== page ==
Directed by Oliver Stone
Starring Val Kilmer, Meg Ryan, Kevin Dillon, Kyle MacLachlan, Michael Madsen, Billy Idol, Kathleen Quinlan
Lions Gate Home Video
Release date: August 12, 2008
The Doors cuts a jagged swath through the life of singer Jim Morrison, one of the most charismatic and exciting figures in rock history. The film begins with Morrison’s arrival in California and explores his assimilation into the Venice Beach culture, his relationships with girlfriend Pamela Courson (Meg Ryan) and future bandmate Ray Manzarek (Kyle MacLachlan), and the origin of The Doors. As fame takes its toll, Morrison spirals downward into an inferno of drugs, alcohol, public obscenity, arrests, and depression. As director Oliver Stone puts it, during his insightful audio commentary, “Morrison was the poster child for a nation on the verge of a nervous breakdown.”
Throughout the film, aside from his usual entourage, Morrison is accompanied by a trio of virtual characters that abide in his psyche. The first character of Jim as a young boy (played by Stone’s own son) who’s life was altered forever by his witnessing of fatal car accident involving a family of Native Americans. The second character, the old Shaman who’s soul was believed by Morrison to have entered into his own being at the time of death and “Death” himself, the third character, who resembled a cross between a resident of Sodom or Gomorrah and a skinhead, seen frolicking at Morrison’s side inviting him to break on through to the other side.
The director’s commentary, Stone explains how he used a new technology, at the time, a small mobile crane, enabling him during vast concert scenes to capture the intimate and mesmerizing hold Morrison had over his adoring fans. Stone said he wanted these scenes to look as if they came right out of the Golden Calf scene in Cecil B. Demille’s The Ten Commandments and he did just that. With nudity added to the mix, the result was far more erotic and frenzied. Val Kilmer portrays The Lizard King with a raw sensuality and an uncanny likeness to Morrison in both his physical appearance and his haunting vocals.
In addition to the director’s commentary there are many more minutes of Blu-Ray special features including “The Doors in LA” documentary focusing on their early work in LA and the cultural impact on the city featuring new interviews with writer/director Oliver Stone. Another special feature, “Jim Morrison: An American Poet in Paris,” is a documentary that includes interviews by Stone of friends, fellow writers, and poets who were a part of Morrison’s life during his last days in Paris where he fled from a looming jail sentence to live out his days following in the footsteps of his literary idols of the French Romantic period.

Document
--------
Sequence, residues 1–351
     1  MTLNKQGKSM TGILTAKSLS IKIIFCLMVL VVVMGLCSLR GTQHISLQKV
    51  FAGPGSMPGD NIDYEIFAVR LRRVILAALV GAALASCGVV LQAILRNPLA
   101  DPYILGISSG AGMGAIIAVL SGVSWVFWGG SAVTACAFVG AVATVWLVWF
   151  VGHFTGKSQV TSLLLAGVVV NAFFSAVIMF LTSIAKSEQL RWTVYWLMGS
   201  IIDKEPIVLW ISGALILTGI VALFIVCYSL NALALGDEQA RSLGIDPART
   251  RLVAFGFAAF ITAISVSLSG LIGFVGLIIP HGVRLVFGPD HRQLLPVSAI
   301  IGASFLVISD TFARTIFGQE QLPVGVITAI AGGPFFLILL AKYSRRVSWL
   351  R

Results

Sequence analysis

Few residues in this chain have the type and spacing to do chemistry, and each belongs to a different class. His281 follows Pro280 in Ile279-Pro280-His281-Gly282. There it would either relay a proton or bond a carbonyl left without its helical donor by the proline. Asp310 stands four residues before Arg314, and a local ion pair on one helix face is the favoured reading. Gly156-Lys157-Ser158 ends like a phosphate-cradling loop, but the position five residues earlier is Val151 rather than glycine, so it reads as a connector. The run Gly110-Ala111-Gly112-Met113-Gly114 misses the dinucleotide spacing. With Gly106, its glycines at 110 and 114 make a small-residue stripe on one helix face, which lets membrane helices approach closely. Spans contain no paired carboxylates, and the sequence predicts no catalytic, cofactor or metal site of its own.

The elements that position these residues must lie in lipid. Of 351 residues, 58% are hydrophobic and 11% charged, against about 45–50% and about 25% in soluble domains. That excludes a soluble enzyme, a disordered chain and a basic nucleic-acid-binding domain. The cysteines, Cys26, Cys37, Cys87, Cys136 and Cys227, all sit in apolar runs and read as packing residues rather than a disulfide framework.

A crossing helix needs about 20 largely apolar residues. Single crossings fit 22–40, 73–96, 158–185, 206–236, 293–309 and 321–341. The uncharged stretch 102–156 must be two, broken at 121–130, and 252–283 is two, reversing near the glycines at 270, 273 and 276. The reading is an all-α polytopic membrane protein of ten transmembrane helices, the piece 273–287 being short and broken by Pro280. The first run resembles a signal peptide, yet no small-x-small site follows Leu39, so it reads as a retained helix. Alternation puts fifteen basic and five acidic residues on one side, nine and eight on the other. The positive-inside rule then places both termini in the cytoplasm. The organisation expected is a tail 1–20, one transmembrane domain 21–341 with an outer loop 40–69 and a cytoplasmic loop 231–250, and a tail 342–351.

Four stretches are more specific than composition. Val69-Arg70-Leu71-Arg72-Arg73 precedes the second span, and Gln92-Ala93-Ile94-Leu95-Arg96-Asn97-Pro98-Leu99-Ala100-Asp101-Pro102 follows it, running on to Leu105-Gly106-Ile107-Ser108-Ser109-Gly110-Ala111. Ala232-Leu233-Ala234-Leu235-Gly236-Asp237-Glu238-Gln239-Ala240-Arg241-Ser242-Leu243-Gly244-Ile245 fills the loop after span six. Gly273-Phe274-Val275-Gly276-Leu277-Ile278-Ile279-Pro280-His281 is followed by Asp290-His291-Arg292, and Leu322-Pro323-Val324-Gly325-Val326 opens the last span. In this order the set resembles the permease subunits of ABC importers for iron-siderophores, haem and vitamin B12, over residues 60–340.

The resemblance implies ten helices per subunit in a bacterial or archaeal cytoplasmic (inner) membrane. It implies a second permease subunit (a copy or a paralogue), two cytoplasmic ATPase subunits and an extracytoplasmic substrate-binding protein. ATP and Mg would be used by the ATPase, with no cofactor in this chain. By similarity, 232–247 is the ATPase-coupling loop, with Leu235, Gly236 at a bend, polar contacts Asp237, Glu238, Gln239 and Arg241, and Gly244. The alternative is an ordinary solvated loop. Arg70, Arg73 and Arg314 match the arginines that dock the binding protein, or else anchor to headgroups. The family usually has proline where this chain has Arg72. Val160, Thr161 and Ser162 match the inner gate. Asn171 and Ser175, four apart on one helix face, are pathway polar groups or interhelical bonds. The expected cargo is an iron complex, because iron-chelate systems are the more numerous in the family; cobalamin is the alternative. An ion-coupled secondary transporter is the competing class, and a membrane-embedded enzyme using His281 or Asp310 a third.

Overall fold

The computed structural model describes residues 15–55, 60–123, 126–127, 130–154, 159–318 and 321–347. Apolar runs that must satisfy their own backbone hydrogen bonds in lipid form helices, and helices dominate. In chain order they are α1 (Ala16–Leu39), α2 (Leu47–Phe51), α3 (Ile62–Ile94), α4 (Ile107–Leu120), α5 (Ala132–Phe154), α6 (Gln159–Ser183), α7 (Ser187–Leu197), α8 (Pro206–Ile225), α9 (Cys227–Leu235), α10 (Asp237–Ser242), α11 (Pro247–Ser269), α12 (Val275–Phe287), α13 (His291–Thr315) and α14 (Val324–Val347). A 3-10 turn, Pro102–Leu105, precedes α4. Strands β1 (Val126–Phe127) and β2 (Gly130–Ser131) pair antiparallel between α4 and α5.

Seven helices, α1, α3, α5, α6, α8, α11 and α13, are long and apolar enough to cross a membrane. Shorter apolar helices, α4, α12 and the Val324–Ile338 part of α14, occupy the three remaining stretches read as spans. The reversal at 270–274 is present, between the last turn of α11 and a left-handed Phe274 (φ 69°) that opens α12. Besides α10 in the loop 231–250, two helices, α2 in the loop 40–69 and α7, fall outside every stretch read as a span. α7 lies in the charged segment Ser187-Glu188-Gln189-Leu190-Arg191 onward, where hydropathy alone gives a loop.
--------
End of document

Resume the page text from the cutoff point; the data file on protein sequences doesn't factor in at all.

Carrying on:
Other interviews include discussions with the coroner who presided over the examination of Morrison’s body after his untimely death at age 27 and a witch who was in love with Morrison and introduced him to the “Dark Side.” There is also over forty minutes of deleted/extended scenes, all told making this an unforgettable viewing experience.
But wait, now add Blu-Ray 1080P 16X9-inch-wide screen, and 7.1 DTS HD Master Audio and voila! It doesn’t get any better than this. If any of you fellow home movie lovers are waiting for the right time to revamp your home entertainment systems, wait no longer. Break into your 401-Ks and break on through to the other side by investing in a decent Blu-Ray player (the cheapest ones will have you waiting forever in between features like Dial-up) and this movie will definitely get your “Mojo” working! All I can say is hooray for BluRay! It takes Home Entertainment to the next level.
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